Rachel Aga (Advisor), Paul Seybold (Committee Member), Ioana Sizemore (Committee Member)
Master of Science (MS)
Computational modeling using classical grand canonical Monte Carlo simulations and first-principles calculations were carried out to study the adsorption of molecular hydrogen on nanoporous carbon modeled by the slit- pore geometry. It has previously been shown that hydrogen adsorption on pristine porous carbon has dependence on pore size and that an optimum pore size, which exhibits the maximum mass uptake, exists. There have been suggestions that doping graphitic nanocarbon structures with Pd enhances their adsorption capacity. The pore-size dependence of this change in adsorption brought about by Pd and the conditions at which improvement in adsorption can occur have not been extensively addressed to date. In this work, we perform computational modeling to examine hydrogen adsorption on pristine carbon and Pd-doped carbon nanopores. First-principles calculations were used to generate minimized configurations of the sorbent system while grand canonical Monte Carlo simulations modeled the finite temperature and pressure adsorption of hydrogen. We perform simulations at 298 K and pressures of 0.01 MPa, 1 MPa, and 5 MPa for systems with Pd to C ratios of 1:32, 1:18 and 1:8. Among the systems examined, pristine carbon at 5 MPa exhibited the highest mass uptake at 4.2 wt % adsorption capacity. This is consistent with the expectation that as the gas reservoir pressure increases, the adsorption capacity also increases. The presence of Pd resulted to enhancement in adsorption only at 0.01 MPa, the lowest pressure investigated. For the maximum adsorption of 4.2 wt% at 5 MPa, the heat of adsorption was calculated to be 8 kJ/mol. The target heat of adsorption value for hydrogen storage materials is 25 kJ/mol, and this was achieved for the 1:8 Pd:C ratio at a pore size of 6 Angstroms, but the system showed a lower adsorption capacity of 1.5 wt%.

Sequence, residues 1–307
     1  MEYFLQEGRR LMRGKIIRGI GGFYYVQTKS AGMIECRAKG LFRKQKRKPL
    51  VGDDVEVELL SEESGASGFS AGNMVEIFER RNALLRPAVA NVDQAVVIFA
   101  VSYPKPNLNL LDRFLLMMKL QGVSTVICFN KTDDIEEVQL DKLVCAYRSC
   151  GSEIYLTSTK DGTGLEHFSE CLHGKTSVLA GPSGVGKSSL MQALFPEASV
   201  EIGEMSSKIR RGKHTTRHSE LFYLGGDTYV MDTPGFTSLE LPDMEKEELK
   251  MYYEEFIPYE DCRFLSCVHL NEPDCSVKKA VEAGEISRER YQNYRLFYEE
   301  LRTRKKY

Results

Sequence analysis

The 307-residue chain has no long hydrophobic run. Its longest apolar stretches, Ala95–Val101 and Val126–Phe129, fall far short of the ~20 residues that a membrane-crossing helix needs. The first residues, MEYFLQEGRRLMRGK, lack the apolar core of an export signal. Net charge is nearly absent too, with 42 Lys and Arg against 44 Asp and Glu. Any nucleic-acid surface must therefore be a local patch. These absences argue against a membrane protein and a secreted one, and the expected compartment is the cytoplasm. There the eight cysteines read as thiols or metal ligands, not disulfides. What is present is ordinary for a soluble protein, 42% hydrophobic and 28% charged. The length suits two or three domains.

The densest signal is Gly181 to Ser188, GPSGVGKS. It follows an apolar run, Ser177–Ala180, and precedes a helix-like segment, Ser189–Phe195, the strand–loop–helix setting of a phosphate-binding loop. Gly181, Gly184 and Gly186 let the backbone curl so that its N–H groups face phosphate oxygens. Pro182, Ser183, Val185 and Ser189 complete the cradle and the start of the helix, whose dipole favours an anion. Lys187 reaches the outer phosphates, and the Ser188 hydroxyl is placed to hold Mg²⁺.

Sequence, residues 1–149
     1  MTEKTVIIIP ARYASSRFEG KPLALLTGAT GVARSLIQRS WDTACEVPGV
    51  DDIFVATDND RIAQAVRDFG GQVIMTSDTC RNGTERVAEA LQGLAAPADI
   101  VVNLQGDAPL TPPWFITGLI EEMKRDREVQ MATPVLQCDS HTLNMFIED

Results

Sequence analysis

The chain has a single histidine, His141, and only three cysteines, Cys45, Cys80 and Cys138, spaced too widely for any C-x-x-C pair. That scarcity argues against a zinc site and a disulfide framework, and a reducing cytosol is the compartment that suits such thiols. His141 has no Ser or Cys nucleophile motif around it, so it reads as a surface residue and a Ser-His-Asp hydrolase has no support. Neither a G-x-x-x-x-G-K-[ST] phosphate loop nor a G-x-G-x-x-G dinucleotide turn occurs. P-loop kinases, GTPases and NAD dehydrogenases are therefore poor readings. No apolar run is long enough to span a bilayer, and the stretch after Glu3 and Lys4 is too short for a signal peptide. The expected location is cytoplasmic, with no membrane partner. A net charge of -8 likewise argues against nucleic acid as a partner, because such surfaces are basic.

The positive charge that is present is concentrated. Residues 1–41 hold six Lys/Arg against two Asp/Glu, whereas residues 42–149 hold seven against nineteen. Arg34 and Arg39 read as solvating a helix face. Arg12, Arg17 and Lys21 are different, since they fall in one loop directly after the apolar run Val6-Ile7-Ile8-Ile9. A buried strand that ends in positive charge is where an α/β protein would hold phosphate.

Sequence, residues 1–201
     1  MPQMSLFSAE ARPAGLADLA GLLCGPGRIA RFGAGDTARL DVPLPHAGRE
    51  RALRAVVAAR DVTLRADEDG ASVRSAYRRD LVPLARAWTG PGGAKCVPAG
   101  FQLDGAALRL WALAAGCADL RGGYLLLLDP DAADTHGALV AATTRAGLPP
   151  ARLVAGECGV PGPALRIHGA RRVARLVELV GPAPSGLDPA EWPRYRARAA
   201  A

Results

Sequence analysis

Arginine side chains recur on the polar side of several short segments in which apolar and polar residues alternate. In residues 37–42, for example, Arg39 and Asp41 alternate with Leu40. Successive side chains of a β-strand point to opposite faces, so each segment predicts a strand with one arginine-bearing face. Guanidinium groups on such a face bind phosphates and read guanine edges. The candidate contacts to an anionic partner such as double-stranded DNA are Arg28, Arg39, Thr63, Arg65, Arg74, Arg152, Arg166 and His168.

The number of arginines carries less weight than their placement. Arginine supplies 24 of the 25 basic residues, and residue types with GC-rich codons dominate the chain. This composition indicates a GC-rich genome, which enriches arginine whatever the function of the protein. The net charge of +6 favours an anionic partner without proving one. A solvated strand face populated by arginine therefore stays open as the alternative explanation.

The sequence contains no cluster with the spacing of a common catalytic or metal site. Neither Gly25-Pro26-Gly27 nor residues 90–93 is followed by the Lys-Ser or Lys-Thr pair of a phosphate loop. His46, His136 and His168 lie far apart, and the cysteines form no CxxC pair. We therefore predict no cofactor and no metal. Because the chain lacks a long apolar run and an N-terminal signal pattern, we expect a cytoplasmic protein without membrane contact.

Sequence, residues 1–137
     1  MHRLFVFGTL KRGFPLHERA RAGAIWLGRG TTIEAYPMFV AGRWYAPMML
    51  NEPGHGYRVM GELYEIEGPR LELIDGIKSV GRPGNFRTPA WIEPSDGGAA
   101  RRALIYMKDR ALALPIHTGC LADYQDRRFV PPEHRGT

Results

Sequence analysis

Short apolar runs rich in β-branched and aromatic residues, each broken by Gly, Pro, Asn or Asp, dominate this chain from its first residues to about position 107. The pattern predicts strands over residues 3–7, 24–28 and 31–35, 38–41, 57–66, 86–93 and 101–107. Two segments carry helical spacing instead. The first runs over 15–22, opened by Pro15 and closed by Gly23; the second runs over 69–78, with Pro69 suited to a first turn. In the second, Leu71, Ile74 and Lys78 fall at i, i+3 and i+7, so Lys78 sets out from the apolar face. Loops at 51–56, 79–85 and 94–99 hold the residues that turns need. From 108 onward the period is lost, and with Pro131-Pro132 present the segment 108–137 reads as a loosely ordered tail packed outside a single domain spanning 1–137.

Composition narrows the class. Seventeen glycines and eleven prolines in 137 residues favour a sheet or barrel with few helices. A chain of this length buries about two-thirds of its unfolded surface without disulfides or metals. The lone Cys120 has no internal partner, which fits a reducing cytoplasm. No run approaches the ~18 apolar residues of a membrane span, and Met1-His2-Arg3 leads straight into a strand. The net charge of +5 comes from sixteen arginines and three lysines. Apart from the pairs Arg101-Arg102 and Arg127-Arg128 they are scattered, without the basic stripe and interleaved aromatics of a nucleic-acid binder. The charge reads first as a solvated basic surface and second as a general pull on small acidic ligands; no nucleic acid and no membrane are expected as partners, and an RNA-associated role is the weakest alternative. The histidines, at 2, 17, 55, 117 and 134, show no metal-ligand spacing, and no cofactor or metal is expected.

Department or Program
Department of Chemistry
Year Degree Awarded
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